Friday, June 28, 2013

Same-sex marriage now the law of the land

With the Supreme Court decisions of June 26, 2013, thirteen states and the District of Columbia are free to recognize and perform same sex marriages. But that still leaves 37 states, almost 3/4 of them, that don't recognize same sex marriages.

Or does it?

I refer you to Article IV, Section 1 of the U.S. Constitution, which says, "Full Faith and Credit shall be given in each State to the public Acts, Records, and judicial Proceedings of every other State." Something that's been legitimized according to the laws of, say, New York, can't be de-legitimized by a state like, say, Texas.

Some historical examples are in order. I'm not sure if it's still true, but there was a time not too long ago when the state of New York required a several-day waiting period before a couple could get married. Even a few days was obviously too long for some people to wait, though, and it was a common practice for couples in a hurry to drive down to another state that had no waiting period (I believe it was either Delaware or Maryland) and get married there at once. It could be done in less than a day. The newlyweds could then return to New York. Even though they hadn't been married according to New York's rules, New York had to accept  the rules of the other state. The newlyweds were then considered legally married in every state in the Union.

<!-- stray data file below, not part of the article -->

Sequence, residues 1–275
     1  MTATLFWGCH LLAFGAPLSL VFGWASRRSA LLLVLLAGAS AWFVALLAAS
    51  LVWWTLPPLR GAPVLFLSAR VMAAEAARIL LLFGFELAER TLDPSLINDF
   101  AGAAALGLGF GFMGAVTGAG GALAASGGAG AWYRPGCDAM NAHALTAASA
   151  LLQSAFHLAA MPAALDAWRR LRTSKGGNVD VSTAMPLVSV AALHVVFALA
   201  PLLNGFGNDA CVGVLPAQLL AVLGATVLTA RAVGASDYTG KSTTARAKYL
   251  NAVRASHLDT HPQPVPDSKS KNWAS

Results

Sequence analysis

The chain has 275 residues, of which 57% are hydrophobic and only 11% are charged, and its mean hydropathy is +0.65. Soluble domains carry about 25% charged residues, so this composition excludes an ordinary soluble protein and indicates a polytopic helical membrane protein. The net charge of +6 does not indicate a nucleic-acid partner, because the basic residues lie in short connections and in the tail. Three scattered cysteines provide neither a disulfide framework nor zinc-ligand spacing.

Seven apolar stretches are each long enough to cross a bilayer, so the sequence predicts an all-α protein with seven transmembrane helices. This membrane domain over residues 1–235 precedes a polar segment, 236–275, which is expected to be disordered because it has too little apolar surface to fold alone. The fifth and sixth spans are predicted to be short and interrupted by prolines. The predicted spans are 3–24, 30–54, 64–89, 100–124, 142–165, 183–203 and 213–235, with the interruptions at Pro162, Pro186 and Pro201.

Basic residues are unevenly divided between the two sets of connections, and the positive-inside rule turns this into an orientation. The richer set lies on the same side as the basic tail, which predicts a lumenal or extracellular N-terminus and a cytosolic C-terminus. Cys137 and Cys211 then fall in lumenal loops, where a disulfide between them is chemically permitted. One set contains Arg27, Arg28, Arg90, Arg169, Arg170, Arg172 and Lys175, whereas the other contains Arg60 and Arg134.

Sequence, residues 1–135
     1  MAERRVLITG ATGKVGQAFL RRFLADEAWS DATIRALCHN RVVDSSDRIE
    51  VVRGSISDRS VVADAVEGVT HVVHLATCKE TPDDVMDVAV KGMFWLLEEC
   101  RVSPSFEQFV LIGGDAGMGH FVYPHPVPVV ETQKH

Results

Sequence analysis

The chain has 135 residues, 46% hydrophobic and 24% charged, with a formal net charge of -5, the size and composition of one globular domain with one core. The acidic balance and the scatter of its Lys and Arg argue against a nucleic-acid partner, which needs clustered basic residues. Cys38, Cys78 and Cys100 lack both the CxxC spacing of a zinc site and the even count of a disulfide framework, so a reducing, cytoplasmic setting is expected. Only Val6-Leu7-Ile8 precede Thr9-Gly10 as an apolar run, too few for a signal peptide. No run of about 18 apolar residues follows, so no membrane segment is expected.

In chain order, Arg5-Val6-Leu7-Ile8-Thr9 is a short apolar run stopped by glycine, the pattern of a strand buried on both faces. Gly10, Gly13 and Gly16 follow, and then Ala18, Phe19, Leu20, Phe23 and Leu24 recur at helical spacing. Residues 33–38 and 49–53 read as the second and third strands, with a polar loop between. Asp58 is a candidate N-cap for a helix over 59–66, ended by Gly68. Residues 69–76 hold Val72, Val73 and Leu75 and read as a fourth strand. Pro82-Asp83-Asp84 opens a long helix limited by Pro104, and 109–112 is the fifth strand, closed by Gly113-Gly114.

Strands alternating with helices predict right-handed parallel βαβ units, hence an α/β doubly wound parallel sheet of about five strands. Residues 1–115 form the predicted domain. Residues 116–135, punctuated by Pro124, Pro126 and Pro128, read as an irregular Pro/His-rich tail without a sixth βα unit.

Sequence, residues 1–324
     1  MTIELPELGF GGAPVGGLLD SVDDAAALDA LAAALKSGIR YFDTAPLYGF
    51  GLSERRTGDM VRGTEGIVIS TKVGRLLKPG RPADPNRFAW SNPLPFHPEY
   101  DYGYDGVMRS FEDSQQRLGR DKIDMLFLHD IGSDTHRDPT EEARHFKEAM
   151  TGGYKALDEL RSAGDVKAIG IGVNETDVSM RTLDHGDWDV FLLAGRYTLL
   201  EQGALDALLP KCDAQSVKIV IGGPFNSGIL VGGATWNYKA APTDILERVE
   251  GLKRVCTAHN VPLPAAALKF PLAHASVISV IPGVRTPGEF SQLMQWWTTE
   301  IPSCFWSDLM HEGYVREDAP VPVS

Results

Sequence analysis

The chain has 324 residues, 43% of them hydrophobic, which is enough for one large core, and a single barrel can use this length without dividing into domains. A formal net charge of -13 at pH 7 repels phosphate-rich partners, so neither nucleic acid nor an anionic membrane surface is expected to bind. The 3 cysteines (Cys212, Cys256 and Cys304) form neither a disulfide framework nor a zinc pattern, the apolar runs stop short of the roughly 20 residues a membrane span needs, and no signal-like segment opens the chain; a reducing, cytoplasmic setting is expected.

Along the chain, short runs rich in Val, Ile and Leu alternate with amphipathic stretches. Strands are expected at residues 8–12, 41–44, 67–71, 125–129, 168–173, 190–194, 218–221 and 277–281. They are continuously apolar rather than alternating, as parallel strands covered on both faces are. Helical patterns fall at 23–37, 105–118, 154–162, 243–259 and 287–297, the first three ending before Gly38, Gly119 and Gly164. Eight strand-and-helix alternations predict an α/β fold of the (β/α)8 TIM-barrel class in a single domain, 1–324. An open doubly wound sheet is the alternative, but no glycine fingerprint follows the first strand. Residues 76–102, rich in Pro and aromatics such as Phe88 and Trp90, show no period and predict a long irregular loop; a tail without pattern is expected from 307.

Another example: Again, not too long ago, most states made it very difficult for couples to get a divorce, usually requiring things like proof of infidelity. In those days, it was a common practice to "go off to Reno," where a 6-week stay was all you needed to qualify you for legal residency. Then, under local law, you could get a "quickie" divorce--what we generally call a "no-fault" divorce today. When you returned home, you were no longer married, no matter what the divorce laws were in your home state. Reno had quite a thriving little industry going before the other states also liberalized their divorce laws and spoiled Reno's party.